If a government that controls its own currency can never run out of money, why do we have to pay tax? There are a few layers to the way MMT answers this question.
First, just a reminder that one of MMT’s fundamental observations is that a government that issues its own currency can never run out of that currency. Countries like Australia, the US, the UK, Japan, or New Zealand, can always create more of their own money. So it follows that those same governments do not have to rely on raising money through taxes to fund their spending.
In fact, another of MMT’s observations is that the government spends first and then taxes. For many people that’s a challenging idea to grasp, but a way to think about it is that every single Australian dollar that’s out there in the world was issued by the Australian government (or one of its agents, we’ll come back to that another day).
The dollars in your bank account weren’t issued by your employer, and the change you got from the shop the other day wasn’t minted by the shop. Every dollar has to have come from the government. Likewise, the dollars you pay your taxes with, had to have first been created by the government. So, by taxing, the government is effectively taking back money it put into the economy in the first place.
Why does it do that?
Firstly, taxes give the currency value. Not the kind of value that’s reflected in an exchange rate, but by levying taxes that can only be paid in the currency it issues, the government is creating demand for its currency, which forces people to work.
Let’s break that down. The only currency the ATO will accept for payment of taxes is Australian dollars; try paying in gold and you won’t get far, try not paying and you’ll end up in jail.
Plus, a government needs its people to work for the country to prosper, in fact, it needs quite a lot of people to work for it: soldiers, teachers, nurses, etc. If someone wants to live a better than subsistence life in Australia, they have to work, and they will have to pay tax.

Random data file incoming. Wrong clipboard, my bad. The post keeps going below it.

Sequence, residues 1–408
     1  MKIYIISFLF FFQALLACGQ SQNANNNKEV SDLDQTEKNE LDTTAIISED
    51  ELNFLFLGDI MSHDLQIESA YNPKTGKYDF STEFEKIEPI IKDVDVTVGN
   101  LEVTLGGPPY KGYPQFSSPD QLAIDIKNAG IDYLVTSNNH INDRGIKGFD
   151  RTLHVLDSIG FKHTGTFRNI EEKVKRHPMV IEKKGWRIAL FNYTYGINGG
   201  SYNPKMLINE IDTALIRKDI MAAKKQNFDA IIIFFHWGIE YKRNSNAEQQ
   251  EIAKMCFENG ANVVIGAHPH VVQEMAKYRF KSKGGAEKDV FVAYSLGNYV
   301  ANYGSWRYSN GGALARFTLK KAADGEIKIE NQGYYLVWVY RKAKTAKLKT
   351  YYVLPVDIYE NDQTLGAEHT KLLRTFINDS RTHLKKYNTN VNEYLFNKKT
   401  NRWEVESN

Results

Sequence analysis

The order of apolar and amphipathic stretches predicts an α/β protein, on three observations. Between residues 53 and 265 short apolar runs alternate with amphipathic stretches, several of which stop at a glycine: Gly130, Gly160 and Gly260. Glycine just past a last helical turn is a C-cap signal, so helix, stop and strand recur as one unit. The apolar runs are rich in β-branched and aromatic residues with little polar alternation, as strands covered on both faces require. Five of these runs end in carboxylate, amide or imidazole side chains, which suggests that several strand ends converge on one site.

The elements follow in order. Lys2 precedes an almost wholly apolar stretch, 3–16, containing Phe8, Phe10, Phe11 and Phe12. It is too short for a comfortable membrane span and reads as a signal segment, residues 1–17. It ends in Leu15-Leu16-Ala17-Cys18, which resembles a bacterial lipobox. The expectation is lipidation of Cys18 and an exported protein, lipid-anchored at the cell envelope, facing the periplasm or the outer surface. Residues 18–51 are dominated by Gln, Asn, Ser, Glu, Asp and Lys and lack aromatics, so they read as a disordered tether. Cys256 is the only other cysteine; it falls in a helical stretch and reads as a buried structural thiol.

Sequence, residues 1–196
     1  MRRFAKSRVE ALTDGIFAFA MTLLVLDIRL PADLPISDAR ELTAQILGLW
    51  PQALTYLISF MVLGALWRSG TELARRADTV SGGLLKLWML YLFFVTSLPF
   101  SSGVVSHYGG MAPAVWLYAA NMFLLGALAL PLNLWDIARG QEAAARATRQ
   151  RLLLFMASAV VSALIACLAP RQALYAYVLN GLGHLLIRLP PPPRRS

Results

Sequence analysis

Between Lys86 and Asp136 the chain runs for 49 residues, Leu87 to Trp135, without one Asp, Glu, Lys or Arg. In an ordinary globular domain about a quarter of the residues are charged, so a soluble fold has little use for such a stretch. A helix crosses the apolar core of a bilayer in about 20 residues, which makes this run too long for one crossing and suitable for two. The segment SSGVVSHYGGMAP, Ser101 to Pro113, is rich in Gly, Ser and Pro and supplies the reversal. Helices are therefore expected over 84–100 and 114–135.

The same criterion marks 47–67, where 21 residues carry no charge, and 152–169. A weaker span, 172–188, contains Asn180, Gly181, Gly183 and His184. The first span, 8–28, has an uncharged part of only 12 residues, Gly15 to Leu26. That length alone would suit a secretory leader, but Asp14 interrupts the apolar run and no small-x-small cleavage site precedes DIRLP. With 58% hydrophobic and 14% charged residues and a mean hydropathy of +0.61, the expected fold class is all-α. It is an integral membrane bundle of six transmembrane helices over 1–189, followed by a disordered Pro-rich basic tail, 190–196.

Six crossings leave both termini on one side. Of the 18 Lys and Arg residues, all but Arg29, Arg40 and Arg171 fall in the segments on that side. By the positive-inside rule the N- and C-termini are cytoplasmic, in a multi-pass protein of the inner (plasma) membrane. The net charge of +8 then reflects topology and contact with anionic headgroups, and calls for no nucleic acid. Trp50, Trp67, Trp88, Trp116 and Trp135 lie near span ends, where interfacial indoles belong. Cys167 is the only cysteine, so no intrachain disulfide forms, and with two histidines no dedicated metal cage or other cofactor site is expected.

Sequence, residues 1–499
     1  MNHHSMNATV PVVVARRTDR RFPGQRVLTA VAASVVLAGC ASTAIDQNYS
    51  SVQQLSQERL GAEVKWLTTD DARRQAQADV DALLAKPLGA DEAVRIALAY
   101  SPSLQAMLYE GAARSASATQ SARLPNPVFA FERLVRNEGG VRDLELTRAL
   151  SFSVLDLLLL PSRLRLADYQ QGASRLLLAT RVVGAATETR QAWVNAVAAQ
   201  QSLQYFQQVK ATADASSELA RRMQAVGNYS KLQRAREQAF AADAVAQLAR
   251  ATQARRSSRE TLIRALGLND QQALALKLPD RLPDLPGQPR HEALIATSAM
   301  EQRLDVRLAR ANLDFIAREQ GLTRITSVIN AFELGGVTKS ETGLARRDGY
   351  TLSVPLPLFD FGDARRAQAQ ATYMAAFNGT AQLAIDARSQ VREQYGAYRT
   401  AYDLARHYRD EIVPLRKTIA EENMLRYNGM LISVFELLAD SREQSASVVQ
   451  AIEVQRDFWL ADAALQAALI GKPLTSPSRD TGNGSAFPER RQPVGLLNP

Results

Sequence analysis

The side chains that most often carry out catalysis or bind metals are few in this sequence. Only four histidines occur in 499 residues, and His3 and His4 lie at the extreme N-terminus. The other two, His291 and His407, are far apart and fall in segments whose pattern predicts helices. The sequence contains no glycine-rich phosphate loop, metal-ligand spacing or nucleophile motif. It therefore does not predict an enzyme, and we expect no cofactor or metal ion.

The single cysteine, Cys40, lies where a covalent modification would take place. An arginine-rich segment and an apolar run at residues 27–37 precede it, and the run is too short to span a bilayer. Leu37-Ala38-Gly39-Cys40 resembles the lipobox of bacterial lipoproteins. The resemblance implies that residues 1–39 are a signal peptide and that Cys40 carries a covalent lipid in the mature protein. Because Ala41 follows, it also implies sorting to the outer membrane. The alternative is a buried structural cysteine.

Warren Mosler, the godfather of MMT, offers a story to illustrate how taxes and governments work. In colonial Africa, governments needed locals to work, but usually the people were content to tend to their own business. So the government would levy a property tax, payable only in the currency it issued, and if it wasn’t paid, they’d burn the house down. The only way to keep your house was to do the work the government was paying its currency for. Bingo, the currency has value.
The second role of tax is to make sure there isn’t too much money circulating in the economy that could cause inflation – which is, you’ll recall, the bane of MMT. By sucking some of the money out of the economy, the government is able to make sure the private sector doesn’t soak up all the goods and services it needs for its own purposes.
Theoretically, it can also control things like wealth distribution, if it wanted to.
The implications of a government not needing to raise taxes to fund its spending are, of course, profound. For example, the UK government has just announced a 1.25% health and social care tax “to pay for the NHS”. It didn’t need to do that, it could have just announced the higher NHS spending as part of its budget.
Student debt? Not necessary, provided we have sufficient lecturers and facilities to meet demand without forcing prices up to pay for them. Add dental and optical to Medicare? No problem, as long as we have enough dentists and optometrists to meet demand without their prices going up and causing inflation. And so on. A side point: I’ve read and heard a number of people saying, ‘maybe it’s time to try MMT’. Despite (unfortunately) including the word ‘theory’ in its title, as I said at the outset, MMT is simply a framework that uses the rock-solid laws of accounting to explain how money works in an economy where the government controls the currency, much like the ’theory’ of gravity is simply an application of the rock-solid laws of physics. We are already in an MMT regime, so to suggest we should try it is like saying, ‘OK, as of next Tuesday we’re going to try giving gravity a go’.
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